On February 11, 1964, the start of 60 years of Beatlemania saw the group travel from New York via train to perform at the Washington Coliseum. The original plan was for them to fly, but a snow storm changed the mode of transport. WINS reporter Murray The K, who hosted his radio show from The Beatles’ hotel suite at the Plaza Hotel, is the one who alerted the group and manager Brian Epstein to the potential weather problems.
“I told Brian he’d better hire a train,” the late disc jockey told writer Martin A. Grove. “I told him to make arrangements to get a special train to get to Washington, because they weren’t going to be able to fly out of New York…. We went down to Washington and had a lot of fun on the train. We almost got killed when we got off the train. Some 10,000 kids broke through the barriers. I remember being pinned against a locomotive on the outside and feeling the life going out of me, and saying, to myself, ‘My God, ‘Murray The K Dies With English Group!’ I wondered what my epitaph would be. George Harrison looked at me and said, ‘Isn’t this fun?’”
The Beatles performed at 8:30PM at the Washington Coliseum, their first concert performance in America. While things went well, they got decidedly darker after the concert when John, Paul, George and Ringo attended a private ball held at the British embassy, where chaos erupted when the young daughters of dignitaries got out of hand in their passion for the group — one of them actually having the nerve to clip off a bit of Ringo’s hair. Needless to say, things pretty much came to an end there when Ringo stormed off, followed by the others. Reflected John, “Some bloody animal cut off Ringo’s hair. I walked out of that, swearing at all of them. I just left in the middle of it.”
5. Playing Carnegie Hall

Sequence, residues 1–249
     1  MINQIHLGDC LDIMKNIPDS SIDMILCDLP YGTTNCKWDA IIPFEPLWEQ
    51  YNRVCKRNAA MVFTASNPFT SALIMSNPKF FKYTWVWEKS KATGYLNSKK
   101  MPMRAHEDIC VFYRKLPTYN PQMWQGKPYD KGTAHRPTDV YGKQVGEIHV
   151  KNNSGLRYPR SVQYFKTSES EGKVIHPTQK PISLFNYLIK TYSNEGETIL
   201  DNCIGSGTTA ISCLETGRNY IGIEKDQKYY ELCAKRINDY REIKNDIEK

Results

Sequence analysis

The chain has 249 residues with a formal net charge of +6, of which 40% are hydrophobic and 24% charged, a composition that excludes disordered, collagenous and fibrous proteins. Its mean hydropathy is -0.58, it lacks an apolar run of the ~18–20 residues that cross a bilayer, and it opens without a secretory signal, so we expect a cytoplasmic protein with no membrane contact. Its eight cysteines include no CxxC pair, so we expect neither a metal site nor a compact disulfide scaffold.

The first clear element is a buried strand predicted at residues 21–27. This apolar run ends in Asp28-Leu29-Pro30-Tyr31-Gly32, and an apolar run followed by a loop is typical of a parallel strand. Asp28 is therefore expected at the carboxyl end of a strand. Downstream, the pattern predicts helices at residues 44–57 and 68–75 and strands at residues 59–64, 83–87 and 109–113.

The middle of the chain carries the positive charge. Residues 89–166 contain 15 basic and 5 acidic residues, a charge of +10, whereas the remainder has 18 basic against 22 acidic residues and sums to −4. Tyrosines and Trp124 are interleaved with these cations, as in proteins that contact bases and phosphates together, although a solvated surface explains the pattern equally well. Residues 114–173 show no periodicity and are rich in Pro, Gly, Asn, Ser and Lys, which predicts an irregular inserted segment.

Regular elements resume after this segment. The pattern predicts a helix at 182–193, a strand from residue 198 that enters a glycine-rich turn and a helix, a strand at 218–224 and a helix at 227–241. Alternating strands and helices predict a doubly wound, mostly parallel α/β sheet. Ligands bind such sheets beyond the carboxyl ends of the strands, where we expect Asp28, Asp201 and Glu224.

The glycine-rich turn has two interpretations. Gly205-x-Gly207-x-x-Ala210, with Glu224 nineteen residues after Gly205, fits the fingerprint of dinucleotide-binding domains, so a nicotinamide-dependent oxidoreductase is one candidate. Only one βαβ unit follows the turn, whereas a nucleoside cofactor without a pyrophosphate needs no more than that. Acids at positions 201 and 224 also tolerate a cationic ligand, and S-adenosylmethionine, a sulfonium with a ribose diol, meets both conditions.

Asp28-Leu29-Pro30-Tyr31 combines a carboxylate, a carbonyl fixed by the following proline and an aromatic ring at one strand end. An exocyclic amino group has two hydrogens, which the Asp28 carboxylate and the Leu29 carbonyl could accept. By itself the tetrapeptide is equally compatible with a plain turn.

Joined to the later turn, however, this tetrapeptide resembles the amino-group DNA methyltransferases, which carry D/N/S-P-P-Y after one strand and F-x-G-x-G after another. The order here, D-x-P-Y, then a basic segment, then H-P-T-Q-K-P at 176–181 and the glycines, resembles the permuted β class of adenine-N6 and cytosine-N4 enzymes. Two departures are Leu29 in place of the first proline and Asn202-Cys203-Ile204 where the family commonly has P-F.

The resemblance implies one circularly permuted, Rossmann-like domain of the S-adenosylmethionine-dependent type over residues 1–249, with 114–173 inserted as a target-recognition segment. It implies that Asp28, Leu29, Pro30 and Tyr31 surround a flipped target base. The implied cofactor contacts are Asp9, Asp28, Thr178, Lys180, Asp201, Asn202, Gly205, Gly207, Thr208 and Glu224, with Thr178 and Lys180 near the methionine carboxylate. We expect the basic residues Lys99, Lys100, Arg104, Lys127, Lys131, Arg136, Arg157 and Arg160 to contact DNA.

On February 12, It was back to Manhattan, where the Fab Four played a pair of twenty-five minute concerts at that city’s Carnegie Hall — a venue that had no idea what it was getting itself into when they allowed the shows to be booked there. “We had almost 20,000 people behind wooden horses because Carnegie Hall was blockaded from 57th all the way around to 56th,” recalled the late Sid Bernstein, promoter behind the concerts.
“The police estimated that there were at least 20,000 people waiting to get a glimpse of them. The kids were not very violent, but very exuberant. There was a lot of tears and a lot of screaming. Carnegie Hall didn’t have to worry about its sacred property or paintings on the wall. They shook a little bit and they asked me never to come back again. You know, by the time 1964 rolled around, The Beatles were a household word in America, and my long-shot guess turned out to be a very important one for me. We sold out in one day. There had never been a one-day sell-out in the history of concerts up to that time.”
6. The Fabbest Take on The Greatest
On the 18th, a photo shoot was done with the fab foursome and Cassius Clay, soon to win the boxing championship and announce his new name as Muhammad Ali. Said boxing promoter Harold Conrad, “I arranged for The Beatles to come to the gym to see Cassius Clay, but he didn’t know who they were. When he met them, they were all up in the ring together, talking about how much money they made. So, Cassius pulls out a line he uses all the time; he looked at them and said, ‘You guys ain’t as dumb as you look,’ and John looked him right back in the eye and told him, ‘No, but you are.’”
7. The Top 5
It was pretty mind-blowing when Billboard published their Hot 100 list of singles on April 4, 1964 and The Beatles held the top five positions with, respectively, “Can’t Buy Me Love,” “Twist and Shout,” “She Loves You,” “I Want to Hold Your Hand” and “Please Please Me.” 60 years of Beatlemania indeed!
8. Their First American Tour